Japan may shift Patriot missile batteries to its northern coast to intercept debris that might be created if North Korea’s rocket launch fails, the defense minister said Thursday as the prime minister warned of more sanctions against Pyongyang.
Defense Minister Yasukazu Hamada said some of the six PAC-3 missile batteries now protecting Tokyo may be shifted to intercept fragments that might fall on Japanese soil if North Korea’s rocket malfunctions in midflight. The missile is expected to be launched between April 4 and 8.
“We are considering various measures, including that,” Hamada told reporters.
Pyongyang has designated the waters off Akita and Iwate prefectures as a risk zone for falling debris.
The military is also considering mobilizing a pair of destroyers carrying the SM-3 ship-to-air missile defense system from their home port of Sasebo, and is in close contact with the U.S. military to coordinate responses in case of an emergency, a ministry official said on condition of anonymity, citing department policy.
Earlier Thursday, Prime Minister Taro Aso said Japan could impose more sanctions on North Korea if it goes ahead with the rocket launch, regardless of its payload. He said Tokyo also plans to raise the issue with the U.N. Security Council.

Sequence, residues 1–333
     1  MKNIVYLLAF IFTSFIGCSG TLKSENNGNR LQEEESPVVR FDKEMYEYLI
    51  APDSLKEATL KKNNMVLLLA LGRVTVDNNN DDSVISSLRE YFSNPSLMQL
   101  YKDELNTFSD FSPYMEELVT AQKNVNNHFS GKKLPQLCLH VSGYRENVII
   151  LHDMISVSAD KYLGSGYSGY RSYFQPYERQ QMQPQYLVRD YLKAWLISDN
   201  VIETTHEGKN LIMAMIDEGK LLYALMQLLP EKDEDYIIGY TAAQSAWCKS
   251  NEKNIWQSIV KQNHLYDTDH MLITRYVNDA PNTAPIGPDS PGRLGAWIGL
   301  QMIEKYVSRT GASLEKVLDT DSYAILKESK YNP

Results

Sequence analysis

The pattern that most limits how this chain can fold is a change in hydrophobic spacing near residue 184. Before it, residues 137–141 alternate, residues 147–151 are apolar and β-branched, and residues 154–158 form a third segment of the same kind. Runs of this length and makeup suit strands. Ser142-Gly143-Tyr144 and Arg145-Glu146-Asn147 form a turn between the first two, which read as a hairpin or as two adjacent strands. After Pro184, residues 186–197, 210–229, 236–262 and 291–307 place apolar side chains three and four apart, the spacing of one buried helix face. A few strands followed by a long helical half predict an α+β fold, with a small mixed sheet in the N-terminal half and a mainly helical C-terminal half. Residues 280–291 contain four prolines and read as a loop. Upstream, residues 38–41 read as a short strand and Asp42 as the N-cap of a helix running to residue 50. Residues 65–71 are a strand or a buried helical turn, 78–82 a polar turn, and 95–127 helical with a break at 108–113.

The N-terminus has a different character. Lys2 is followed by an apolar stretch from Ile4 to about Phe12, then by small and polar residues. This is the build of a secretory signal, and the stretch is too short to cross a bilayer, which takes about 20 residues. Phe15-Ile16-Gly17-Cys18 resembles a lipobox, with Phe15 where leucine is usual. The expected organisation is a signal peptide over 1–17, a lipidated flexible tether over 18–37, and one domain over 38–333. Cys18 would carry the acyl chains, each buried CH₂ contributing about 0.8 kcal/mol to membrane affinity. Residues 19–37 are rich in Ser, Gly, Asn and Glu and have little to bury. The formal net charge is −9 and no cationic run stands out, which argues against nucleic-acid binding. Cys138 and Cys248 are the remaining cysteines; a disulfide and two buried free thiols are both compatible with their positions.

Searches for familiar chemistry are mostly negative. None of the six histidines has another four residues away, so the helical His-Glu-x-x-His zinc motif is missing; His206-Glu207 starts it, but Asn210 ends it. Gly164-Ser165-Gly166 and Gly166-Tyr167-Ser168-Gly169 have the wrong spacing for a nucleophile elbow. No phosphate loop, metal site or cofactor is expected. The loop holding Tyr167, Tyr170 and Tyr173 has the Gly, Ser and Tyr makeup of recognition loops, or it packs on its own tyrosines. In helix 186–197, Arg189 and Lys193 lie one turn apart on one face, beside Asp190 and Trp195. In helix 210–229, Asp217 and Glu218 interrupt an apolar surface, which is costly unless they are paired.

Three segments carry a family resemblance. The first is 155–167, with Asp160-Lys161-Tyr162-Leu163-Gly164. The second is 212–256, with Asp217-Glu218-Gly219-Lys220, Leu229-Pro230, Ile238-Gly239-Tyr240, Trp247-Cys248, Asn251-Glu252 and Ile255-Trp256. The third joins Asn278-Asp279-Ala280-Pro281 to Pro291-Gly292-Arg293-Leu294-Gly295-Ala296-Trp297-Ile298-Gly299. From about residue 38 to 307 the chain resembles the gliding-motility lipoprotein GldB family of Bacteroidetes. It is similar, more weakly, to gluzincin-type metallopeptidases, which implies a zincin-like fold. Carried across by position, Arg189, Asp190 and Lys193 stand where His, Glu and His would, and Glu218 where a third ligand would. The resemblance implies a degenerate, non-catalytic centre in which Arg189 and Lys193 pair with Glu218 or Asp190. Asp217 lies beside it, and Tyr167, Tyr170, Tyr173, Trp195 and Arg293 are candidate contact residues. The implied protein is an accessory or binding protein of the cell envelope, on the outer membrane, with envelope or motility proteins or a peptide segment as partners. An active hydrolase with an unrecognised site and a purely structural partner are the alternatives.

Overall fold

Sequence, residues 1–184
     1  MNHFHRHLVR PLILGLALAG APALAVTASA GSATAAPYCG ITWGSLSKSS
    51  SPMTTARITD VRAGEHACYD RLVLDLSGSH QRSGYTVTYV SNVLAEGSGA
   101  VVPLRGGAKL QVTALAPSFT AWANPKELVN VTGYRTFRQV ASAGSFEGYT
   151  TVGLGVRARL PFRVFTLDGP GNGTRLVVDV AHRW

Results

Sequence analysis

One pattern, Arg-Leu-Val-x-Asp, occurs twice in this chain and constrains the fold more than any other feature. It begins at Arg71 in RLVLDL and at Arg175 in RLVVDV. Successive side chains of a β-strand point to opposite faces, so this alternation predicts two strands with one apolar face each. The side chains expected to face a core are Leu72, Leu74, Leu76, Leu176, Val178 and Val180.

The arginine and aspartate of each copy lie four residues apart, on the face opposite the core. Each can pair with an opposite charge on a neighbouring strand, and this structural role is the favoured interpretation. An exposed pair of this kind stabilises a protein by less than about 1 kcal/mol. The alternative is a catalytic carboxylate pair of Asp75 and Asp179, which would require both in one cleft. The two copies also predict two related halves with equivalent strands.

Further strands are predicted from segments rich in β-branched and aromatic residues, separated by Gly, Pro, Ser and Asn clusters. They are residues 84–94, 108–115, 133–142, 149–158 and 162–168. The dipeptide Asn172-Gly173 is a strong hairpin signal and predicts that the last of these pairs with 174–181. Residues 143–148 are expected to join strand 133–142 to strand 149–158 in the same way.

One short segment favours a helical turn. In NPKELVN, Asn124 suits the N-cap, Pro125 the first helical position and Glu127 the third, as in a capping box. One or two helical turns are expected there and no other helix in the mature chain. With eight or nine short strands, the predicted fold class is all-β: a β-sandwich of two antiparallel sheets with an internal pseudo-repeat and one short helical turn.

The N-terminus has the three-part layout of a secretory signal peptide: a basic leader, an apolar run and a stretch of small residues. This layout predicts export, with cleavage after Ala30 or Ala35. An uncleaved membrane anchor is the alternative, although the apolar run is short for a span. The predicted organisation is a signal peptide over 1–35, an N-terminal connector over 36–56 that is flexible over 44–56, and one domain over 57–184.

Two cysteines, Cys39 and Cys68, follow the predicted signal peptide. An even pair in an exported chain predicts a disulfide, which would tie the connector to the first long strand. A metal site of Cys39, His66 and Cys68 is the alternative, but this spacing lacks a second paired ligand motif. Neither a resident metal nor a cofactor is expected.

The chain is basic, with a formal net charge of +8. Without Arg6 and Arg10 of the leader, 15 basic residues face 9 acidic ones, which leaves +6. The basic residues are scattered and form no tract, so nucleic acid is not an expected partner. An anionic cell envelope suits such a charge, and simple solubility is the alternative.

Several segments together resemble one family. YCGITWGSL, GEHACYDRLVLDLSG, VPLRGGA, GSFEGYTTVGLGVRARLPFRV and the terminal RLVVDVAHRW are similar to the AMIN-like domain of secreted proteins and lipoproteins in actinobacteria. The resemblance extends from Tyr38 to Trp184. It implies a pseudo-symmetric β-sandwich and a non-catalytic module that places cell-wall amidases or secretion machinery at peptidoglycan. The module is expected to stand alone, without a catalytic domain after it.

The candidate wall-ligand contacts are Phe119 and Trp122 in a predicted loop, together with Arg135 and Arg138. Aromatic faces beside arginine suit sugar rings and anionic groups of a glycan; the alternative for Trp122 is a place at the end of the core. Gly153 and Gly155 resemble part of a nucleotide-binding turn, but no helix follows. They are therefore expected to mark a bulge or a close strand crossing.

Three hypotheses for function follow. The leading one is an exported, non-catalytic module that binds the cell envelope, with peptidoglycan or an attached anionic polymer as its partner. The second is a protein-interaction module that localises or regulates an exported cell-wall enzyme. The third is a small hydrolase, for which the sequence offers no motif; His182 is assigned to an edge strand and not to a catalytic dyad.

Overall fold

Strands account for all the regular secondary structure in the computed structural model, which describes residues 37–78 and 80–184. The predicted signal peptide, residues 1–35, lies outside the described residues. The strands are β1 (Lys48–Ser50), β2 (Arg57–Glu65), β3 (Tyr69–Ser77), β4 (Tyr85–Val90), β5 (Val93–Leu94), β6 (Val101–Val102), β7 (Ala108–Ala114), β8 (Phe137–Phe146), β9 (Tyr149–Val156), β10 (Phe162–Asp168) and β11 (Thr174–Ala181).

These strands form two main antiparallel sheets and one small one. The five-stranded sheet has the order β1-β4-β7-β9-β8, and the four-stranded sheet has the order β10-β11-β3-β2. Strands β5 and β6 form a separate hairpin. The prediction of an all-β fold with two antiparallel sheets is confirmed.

“We will make a comprehensive decision, including the possibility of imposing tougher sanctions,” Prime Minister Taro Aso told a Diet committee.
North Korea says it intends to launch a rocket to put a telecommunications satellite into orbit, but many fear it could be used to test ballistic missile technology and have demanded it be stopped. The North is barred by U.N. sanctions from testing ballistic missiles.
Foreign Minister Hirofumi Nakasone said Japan considers any launch, even if the payload is a satellite, as a missile test. North Korea has indicated the rocket would be launched in an easterly direction, taking it over Japan and the Pacific Ocean.
“Obviously, it is our country that faces the most serious threat,” Nakasone said. “We plan to take a leadership role so that the entire international community will join in solid action to support sanctions.”
Members of the ruling party’s committee on North Korea are calling for sanctions that include an extension of ongoing economic restrictions from six months to one year, a total export ban and tougher restrictions on money transfers to the North.
Hamada off to China
Defense Minister Yasukazu Hamada is heading to China on Friday for a meeting with his opposite number, Liang Guanglie.
“During the upcoming meeting, I expect we will have a frank exchange of opinions on each other’s defense policies, regional affairs and future defense exchanges,” Hamada said Thursday.
In the meeting scheduled for Friday afternoon, they are expected to confirm that the two countries should ask North Korea to refrain from launching a missile that Pyongyang says will be carrying a satellite.
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